Children and youth in foster care are more likely to have emotional and behavioral needs and are prescribed psychotropic medications at a higher rate than children from comparable backgrounds not in state care. While some children and youth in foster care have mental health needs that are effectively treated with medication, there are significant challenges to using psychotropics safely and effectively in the foster care population.
Our mission, enacted by Utah State Legislator is to establish and operate a psychotropic medication oversight program to ensure that children and youth in foster care are receiving safe, evidence-based, trauma informed treatment consistent with their mental health needs.
Our goal is to collaborate and consult with DCFS Case Workers, Fostering Healthy Children Health Coordinators, community mental health professionals, and providers throughout the state in order to achieve the safest and most effective treatment for foster children and youths.
The UPOP Help Line offers consultation M-F 8am-5pm for non-emergent consultation. In emergency cases please take the child to the nearest emergency room for care.
UPOP Help Line: 801-273-2967
A psychotropic medication is a type of prescribed drug used to affect psychological functioning, perception, behavior or mood. In recent years, the use of psychotropic medications for the treatment of children in foster care has had a dramatic increase. In addition, this increase has also seen many children prescribed more than one psychotropic medication. Data suggesting the safety of using two or more psychotropic medications on a young individual is limited, and without proper knowledge, can be dangerous for the individual. Recognizing the over use of psychotropic medications in the foster care populations as a problem, the Federal government mandated that every state address this issue through state oversight programs.
In 2016, The Utah State Legislature mandated and created, through statute, the Utah Psychotropic Oversight Program (UPOP). The program consists of child and adolescent psychiatrists and a pediatric nurse practitioner. These positions are contracted through The University of Utah medical staff to the Utah Dept. of Health-Fostering Healthy Children Program (FHCP) and the Utah Dept. of Child and Family Services (DCFS).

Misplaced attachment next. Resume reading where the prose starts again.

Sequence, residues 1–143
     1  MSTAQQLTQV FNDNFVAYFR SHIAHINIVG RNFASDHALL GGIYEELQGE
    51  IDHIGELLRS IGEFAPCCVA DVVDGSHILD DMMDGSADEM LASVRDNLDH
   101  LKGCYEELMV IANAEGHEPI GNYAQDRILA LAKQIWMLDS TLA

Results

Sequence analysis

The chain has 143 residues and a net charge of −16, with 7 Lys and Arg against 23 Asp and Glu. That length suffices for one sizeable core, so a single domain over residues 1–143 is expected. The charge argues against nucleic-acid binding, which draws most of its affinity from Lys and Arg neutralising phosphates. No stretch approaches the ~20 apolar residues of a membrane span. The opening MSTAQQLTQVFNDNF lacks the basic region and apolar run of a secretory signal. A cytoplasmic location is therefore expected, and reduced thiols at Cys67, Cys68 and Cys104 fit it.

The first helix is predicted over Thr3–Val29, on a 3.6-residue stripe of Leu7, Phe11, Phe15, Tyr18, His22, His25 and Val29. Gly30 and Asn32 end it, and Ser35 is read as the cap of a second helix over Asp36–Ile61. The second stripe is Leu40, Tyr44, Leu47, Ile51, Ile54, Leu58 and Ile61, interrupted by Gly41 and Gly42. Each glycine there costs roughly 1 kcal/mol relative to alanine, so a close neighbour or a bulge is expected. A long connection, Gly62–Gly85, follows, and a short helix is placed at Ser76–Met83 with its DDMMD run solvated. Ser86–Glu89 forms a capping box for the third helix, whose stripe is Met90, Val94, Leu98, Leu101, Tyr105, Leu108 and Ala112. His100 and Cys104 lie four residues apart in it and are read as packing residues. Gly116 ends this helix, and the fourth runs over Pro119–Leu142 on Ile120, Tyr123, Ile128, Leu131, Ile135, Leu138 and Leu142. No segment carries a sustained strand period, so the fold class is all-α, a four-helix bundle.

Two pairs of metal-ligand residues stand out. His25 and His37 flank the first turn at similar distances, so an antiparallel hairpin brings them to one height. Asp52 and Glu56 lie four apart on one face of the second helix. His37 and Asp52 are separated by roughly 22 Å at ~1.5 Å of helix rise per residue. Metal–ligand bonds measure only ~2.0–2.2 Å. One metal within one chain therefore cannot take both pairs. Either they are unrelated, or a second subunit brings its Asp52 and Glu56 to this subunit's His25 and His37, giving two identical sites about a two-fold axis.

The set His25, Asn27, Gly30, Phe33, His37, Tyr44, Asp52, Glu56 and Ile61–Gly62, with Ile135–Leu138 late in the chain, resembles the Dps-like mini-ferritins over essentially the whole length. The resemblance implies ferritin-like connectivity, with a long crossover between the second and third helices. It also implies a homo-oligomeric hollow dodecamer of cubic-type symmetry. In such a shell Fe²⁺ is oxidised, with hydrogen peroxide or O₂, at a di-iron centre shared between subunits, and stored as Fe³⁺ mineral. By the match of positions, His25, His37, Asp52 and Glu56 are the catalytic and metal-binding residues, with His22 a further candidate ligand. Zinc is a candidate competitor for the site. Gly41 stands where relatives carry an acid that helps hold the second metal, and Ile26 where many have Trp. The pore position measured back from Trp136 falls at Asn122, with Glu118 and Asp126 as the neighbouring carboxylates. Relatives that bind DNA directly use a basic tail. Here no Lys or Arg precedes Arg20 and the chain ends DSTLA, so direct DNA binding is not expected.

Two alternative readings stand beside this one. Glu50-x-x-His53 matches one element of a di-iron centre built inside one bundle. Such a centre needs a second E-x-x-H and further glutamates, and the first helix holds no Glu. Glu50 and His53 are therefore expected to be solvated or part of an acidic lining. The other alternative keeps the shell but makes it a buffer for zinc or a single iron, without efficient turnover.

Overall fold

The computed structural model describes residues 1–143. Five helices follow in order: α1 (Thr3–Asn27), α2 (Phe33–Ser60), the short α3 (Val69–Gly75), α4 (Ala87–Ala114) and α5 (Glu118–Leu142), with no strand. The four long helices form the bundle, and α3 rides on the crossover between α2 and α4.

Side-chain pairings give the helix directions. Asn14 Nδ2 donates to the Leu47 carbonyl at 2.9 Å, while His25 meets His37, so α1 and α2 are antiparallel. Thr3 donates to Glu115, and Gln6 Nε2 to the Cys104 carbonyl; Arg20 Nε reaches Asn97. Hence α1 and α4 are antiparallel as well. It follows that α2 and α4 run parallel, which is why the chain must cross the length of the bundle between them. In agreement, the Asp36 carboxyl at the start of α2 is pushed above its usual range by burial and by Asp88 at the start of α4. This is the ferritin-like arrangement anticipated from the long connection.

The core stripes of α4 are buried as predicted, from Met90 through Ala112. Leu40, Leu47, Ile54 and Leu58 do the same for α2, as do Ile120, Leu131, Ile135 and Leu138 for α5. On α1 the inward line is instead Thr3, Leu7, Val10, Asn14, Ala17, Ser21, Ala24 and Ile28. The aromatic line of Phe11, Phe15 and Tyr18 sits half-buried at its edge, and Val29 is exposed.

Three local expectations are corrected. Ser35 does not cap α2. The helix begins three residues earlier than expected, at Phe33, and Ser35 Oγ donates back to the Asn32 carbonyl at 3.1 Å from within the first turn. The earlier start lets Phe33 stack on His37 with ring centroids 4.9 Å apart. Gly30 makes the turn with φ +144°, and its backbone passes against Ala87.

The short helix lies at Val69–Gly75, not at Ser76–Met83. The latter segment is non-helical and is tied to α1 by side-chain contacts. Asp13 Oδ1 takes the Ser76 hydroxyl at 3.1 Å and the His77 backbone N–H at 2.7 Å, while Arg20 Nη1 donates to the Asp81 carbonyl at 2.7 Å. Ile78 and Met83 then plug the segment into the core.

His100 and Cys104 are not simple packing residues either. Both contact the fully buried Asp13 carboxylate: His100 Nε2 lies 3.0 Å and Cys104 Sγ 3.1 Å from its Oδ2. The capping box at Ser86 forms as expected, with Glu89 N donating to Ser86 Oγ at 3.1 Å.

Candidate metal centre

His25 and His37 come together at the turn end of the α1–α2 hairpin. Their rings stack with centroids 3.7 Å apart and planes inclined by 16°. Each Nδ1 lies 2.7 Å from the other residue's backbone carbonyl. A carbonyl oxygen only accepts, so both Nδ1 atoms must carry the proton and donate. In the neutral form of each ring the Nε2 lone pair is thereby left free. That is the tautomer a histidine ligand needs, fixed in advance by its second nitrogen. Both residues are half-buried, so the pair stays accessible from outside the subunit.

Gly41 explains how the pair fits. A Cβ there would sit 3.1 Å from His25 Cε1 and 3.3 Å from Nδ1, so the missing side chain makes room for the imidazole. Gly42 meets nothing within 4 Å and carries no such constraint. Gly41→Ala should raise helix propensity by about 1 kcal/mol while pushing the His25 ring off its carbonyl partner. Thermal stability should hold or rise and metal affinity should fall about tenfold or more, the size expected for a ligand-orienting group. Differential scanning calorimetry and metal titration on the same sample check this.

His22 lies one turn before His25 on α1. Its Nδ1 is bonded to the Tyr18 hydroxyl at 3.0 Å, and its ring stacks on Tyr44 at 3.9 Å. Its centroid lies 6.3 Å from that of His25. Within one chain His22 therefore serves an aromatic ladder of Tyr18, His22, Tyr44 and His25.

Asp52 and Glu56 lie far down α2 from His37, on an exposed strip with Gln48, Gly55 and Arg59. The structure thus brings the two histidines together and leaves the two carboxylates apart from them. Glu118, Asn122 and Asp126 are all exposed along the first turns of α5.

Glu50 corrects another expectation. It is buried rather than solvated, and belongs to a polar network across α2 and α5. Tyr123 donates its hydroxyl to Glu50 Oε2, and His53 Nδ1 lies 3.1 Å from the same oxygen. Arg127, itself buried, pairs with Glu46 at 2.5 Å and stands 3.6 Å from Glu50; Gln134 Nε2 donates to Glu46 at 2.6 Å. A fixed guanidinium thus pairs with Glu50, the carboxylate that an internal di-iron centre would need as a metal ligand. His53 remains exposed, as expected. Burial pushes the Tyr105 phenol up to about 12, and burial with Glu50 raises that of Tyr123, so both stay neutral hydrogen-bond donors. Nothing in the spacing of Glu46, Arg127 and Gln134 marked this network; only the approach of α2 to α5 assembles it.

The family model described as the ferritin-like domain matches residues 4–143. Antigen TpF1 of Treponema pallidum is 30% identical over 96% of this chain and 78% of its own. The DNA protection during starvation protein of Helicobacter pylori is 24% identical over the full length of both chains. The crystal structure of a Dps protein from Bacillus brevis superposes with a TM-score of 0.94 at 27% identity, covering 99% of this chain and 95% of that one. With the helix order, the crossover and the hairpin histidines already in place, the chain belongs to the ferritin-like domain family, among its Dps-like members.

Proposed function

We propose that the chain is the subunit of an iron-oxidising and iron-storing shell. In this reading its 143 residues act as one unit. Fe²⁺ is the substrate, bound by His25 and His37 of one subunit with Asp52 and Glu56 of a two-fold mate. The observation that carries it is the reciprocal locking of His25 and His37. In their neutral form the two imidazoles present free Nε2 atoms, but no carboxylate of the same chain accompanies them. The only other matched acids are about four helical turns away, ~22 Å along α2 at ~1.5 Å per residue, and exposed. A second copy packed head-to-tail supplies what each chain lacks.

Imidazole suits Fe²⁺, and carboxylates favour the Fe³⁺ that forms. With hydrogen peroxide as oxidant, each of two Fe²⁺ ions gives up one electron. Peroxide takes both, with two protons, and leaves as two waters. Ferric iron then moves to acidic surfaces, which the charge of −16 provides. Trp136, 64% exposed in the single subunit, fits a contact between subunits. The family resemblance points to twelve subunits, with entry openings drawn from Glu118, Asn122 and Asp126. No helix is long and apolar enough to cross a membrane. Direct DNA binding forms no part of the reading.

In accordance with the statute, UPOP will review all foster children and youth receiving psychotropic medication, through the lens of trauma informed care, in the following three categories:
- 6 years or younger prescribed one or more psychotropic medications
- 7 years or older prescribed two or more psychotropic medications
- Any case referred to UPOP where there is a concern or request for consultation
Why Focus on Psychotropic Medications in Foster Children?
Childhood traumatic stress is the intense fear and stress response occurring when children are exposed to potentially traumatic experiences that overwhelm their ability to cope with what they have experienced. Children and adolescents coming into state custody have experienced trauma to a certain degree. Often the reasons for state custody are directly related to experiences of trauma such as neglect, abuse, and/or exposure to violence. Other children experience the trauma of separation, anxiety and distress when coming into care due to parental behaviors resulting in the inability to care for their children. It has been shown that foster children experience trauma at a higher rate compared to their peers still living in the family home. Traumatic stress needs to be addressed for the following reasons:
- High prevalence. Children in foster care experience at least one significant traumatic experience in childhood.
- System Barriers. Children can experience exacerbated symptoms and poorer outcomes resulting from system barriers.
- Often under-diagnosed and misdiagnosed. Symptoms of trauma are often under-diagnosed or misdiagnosed.
- Psychotropic medications are prescribed when misdiagnosed. Medications are prescribed unnecessarily, often resulting in polypharmacy.
- Off-label use in children. Many psychotropics medications are used off-label (without FDA approval) for conditions in children and teens.
- Side Effects of Medications. Many psychotropic medications have side effects that require ongoing monitoring of vital signs and blood work.
Caring for foster children can be challenging, especially for children who require medications for behavioral and mental health needs also known as psychotropic medications. Many of those medications require more frequent office visits and special lab monitoring. It is vital to the health and safety of your child to adhere to all recommendations from the managing physician or advance practice professional (Nurse practitioner or physician assistant).
For the most common questions regarding psychotropic medications see FAQ below. See links for additional guides for casework, foster parents/caregivers and teens.
DCFS is the legal guardian of most children in custody in the state of Utah and is responsible for providing consent for complex medical, surgical, and psychiatric treatments. Even if they are relative, if custody lies with the state, kinship parents cannot grant permission for surgical or complex medical procedures or for the use of psychotropic medication.